Zika Update: Is abstinence the answer?

By Margo White

Zika Update: Is abstinence the answer?
WHO extends guidelines for travellers returning from Zika infected areas.

The World Health Organisation (WHO) now advises that travellers returning from any area where the Zika virus is circulating to practise safe sex for at least six months.

This comes after new evidence of asymptomatic males passing the virus to their female partner, and of one symptomatic female passing the virus to her male partner. There is also new evidence of the virus surviving in sperm for longer than previously thought.

WHO says more and more studies are showing that Zika can be transmitted through sex, and because of the risk to pregnancies it’s better to be cautious. The new guidelines refer to both men and women, whether or not they have symptoms of infection.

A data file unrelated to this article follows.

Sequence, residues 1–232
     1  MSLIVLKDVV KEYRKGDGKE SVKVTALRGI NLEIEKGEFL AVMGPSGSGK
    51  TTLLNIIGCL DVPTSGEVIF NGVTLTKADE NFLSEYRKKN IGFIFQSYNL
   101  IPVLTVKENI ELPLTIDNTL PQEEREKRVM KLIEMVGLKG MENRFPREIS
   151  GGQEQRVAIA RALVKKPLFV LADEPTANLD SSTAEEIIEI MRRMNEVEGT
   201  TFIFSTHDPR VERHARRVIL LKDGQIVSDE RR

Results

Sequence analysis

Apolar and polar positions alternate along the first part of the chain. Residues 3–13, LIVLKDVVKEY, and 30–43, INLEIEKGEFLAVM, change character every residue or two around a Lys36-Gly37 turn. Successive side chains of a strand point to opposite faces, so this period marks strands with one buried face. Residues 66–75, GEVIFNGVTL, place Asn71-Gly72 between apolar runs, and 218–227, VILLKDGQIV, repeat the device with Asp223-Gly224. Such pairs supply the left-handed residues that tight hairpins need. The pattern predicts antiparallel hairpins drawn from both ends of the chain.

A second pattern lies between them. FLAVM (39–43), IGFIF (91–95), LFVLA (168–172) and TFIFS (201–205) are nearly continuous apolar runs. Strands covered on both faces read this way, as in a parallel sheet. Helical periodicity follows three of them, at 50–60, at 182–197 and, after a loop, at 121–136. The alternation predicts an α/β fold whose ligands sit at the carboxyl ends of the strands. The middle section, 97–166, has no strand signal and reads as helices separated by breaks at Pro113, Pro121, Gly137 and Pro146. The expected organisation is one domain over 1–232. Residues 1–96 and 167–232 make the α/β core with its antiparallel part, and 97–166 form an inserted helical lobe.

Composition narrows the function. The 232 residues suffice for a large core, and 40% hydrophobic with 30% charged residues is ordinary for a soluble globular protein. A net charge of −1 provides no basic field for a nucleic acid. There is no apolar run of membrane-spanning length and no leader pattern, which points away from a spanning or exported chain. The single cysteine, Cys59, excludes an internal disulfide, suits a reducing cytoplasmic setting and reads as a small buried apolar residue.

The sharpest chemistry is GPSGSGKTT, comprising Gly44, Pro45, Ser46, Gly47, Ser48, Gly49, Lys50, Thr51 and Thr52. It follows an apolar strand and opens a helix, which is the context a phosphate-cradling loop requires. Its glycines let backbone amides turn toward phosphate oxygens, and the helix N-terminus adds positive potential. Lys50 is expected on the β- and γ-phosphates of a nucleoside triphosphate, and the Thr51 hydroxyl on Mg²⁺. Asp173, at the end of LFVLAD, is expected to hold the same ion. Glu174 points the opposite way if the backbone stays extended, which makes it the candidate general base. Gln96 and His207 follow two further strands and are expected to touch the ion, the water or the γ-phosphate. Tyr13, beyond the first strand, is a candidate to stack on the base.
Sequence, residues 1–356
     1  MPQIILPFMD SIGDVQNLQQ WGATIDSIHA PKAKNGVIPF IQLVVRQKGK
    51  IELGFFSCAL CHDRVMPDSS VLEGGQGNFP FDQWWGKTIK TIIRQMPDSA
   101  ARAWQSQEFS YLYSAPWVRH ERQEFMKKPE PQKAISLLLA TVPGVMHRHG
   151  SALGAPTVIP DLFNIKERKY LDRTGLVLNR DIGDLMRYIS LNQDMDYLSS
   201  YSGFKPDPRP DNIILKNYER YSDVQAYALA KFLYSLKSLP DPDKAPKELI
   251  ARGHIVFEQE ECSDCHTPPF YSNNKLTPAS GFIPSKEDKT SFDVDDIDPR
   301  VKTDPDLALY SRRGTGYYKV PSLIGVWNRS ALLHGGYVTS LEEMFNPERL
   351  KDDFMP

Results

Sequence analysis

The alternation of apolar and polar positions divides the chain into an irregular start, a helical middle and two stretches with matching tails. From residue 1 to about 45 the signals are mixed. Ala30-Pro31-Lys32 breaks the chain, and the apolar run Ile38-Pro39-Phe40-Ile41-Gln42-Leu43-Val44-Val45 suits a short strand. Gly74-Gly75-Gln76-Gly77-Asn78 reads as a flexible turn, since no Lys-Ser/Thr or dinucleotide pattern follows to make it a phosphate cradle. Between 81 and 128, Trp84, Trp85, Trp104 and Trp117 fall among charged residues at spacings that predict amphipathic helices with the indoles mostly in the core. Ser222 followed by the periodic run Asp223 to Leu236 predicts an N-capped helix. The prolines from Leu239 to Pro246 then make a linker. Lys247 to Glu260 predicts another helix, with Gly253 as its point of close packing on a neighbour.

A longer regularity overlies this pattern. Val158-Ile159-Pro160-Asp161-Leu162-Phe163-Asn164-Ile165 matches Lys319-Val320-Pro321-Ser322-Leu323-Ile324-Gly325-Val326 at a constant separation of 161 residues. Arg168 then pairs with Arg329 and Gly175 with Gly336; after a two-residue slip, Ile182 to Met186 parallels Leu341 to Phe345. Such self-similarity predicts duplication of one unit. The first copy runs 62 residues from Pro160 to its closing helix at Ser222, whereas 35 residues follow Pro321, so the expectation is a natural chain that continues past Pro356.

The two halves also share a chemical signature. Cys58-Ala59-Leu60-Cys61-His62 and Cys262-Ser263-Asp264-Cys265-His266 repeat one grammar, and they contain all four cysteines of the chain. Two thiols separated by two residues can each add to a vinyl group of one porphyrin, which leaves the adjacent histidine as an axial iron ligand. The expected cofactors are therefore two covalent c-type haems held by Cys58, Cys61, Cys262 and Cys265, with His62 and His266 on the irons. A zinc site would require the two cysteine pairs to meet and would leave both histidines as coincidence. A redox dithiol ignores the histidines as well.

This is an update on WHO’s previous guidelines, issued in June, which referred only to men and recommended that they use condoms or abstain from sex for eight weeks as a precaution.

The most common form of virus transmission is through being bitten by mosquitoes, and more than 60 countries and territories have Zika transmission this way. However, according WHO, 11 countries have now reported cases of sexually-transmitted Zika.




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